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A simple little linq values transformer

Somehow I’ve never actually used this keyword before, but as I gradually shift over to functional programming I came across the ForEach linq statement – for example

listOfObjects.ForEach(x => x.BodyText = x.BodyText.Replace(“,”,”, “));

And bam – all of the body text is replaced without having to loop through the enumerable.  Rather nice.  A simple little statement, but one that I’ve never really had the change to use before.

Aug 18

Written By Steve French


Linq projection with the extension method syntax

I’ve looked this up an embarrassing number of times – here is how you do linq projection with the extension method syntax

List<TypeClassification> typeClassifications = ctx.Classes.Select(e => new TypeClassification() {Name = e.Name, TypeClassificationID = e.ClassificationID}).ToList();

Hopefully I shall remember.  I’m not sure why I can’t remember the exact syntax.

Apr 14

Written By Steve French


How to Fix Missing records in Linq to Entities

The Problem

You are attempting to use Linq to Entities in the standard way, your linq model does not seem to have any records attached.  You have missing records in Linq to Entities.

You look in the database, and the proper record is there.  You do a


and it tells you there is one record there, but still when you attempt to actually retrieve a record, for example like


you get a white screen.  What gives?

The Cause

It turns out the offending code looks like this

namespace MyProject.Models
	public class MyEntry
		public int MyEntryId { get; set; }
                public string EmailAddress { get; set; }
                public string LastName { get; set; }
                public string FirstName;

The Solution

Did you notice what was missing?  You don’t have the needed

{ get; set; }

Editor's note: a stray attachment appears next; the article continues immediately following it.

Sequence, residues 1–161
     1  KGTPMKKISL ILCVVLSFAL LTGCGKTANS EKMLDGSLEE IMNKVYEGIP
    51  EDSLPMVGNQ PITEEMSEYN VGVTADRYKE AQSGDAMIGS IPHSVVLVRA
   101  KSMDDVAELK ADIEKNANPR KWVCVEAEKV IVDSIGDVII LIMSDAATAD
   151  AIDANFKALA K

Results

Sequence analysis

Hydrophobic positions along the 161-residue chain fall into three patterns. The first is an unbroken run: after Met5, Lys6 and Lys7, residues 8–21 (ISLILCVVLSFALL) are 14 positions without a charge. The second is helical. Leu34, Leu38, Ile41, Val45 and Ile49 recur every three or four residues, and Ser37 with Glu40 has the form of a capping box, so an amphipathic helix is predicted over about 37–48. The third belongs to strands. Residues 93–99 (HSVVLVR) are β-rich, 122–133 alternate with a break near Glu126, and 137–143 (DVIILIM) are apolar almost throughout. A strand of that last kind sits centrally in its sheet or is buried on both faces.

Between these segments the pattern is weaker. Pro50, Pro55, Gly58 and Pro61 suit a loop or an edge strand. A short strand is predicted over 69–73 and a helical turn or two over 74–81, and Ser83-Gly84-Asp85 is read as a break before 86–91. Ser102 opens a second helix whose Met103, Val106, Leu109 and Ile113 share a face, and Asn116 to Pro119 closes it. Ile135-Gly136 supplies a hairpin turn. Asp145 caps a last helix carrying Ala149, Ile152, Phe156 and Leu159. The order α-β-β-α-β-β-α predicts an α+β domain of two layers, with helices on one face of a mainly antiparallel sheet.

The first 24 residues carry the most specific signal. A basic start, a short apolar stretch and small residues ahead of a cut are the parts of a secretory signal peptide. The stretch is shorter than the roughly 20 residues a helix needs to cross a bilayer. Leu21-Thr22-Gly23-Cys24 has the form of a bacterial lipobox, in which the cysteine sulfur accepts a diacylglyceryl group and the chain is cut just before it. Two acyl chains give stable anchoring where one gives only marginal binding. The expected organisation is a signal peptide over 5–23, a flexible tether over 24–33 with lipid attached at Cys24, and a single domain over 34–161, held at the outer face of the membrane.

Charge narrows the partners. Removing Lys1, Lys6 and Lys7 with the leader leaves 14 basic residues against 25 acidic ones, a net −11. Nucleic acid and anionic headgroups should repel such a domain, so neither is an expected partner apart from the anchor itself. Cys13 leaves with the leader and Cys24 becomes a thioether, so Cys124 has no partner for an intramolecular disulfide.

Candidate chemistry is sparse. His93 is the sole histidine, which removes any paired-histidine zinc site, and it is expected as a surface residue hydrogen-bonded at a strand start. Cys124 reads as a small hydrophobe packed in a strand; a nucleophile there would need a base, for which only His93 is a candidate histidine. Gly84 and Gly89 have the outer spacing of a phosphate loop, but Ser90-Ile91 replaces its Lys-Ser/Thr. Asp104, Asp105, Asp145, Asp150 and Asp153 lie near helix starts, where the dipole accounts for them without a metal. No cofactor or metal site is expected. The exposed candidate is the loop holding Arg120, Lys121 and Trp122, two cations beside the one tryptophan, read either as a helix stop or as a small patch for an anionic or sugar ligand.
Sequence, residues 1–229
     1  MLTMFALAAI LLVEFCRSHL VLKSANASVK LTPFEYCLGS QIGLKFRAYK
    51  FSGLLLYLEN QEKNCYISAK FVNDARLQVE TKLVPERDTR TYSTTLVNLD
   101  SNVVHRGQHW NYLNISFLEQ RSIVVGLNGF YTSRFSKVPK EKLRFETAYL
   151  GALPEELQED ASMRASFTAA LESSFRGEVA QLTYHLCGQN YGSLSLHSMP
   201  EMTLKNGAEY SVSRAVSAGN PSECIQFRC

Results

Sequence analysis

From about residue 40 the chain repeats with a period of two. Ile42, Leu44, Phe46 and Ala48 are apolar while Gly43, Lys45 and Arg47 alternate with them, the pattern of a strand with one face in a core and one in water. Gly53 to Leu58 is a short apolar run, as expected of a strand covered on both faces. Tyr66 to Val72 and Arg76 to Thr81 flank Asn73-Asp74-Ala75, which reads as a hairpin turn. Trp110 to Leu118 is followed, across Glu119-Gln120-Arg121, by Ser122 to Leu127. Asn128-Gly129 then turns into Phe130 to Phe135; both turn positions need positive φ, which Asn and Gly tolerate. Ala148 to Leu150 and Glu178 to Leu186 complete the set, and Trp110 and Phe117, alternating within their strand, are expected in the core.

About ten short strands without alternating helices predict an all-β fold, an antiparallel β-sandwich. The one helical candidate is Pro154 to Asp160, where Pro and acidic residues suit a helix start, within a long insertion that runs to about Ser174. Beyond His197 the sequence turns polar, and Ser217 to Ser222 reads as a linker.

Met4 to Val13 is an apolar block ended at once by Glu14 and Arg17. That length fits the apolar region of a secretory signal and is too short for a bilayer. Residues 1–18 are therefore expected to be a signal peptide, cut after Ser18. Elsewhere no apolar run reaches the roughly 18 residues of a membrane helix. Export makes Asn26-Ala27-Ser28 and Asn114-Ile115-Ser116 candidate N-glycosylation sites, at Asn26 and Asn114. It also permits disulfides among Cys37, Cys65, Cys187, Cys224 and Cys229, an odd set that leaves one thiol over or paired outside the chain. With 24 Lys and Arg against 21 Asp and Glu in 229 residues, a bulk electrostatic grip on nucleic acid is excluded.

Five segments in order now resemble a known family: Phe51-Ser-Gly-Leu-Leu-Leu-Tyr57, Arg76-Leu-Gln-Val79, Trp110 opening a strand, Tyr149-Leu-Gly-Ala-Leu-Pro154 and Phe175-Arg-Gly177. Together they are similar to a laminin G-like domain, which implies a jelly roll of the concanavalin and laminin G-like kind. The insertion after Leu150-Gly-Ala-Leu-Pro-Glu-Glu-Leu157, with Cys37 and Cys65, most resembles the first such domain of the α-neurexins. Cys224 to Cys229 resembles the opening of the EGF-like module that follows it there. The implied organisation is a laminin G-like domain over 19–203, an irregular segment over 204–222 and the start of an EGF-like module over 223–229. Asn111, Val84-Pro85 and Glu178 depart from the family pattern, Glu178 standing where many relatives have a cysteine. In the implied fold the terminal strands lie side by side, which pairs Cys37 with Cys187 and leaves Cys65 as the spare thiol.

after FirstName, so Linq To Entities will not retrieve the record for the database.  It’s always hard to see something missing, it took me about 20 minutes and lots of checking the wrong places to see the omission with this problem.

Feb 12

Written By Steve French


How to fix problems with Linq to Xml Namespaces

The Problem

You are trying to read data out of a standard xml file.  I found a great Linq to Xml tutorial here.  You get code that looks something like this

XDocument data = XDocument.Load(HttpContext.Current.Server.MapPath("~/Invoices.xml"));
List<Invoice> lst = new List<Invoice>();
lst= (from c in data.Descendants("invoice")
select new Invoice
ClientName = c.Element("client").Value,
InvoiceDate = Convert.ToDateTime(c.Element("date").Value),

and you get nothing but object type no found errors.  Why?  You have problems with linq to xml namespaces.

The Cause:

The xml file you are trying to read is using a NameSpace!

The Solution:

Add in the namespace declaration and append it to the file in the right places, your code should look something like the below.

XDocument data = XDocument.Load(HttpContext.Current.Server.MapPath(“~/Invoices.xml”));
XNamespace ns = XNamespace.Get(“”);
List lst = new List();
lst= (from c in data.Descendants(ns + “invoice”)
select new Invoice
ClientName = c.Element(ns + “client”).Value,
InvoiceDate = Convert.ToDateTime(c.Element(ns + “date”).Value),

Do you see the “ns + ” part?  That tells C# to keep your data and the xml data apart.  And please note, you have to use it everywhere you reference a part of the xml document (I spent an hour finding that out).

That’s it!  Happy Coding.

Feb 12

Written By Steve French


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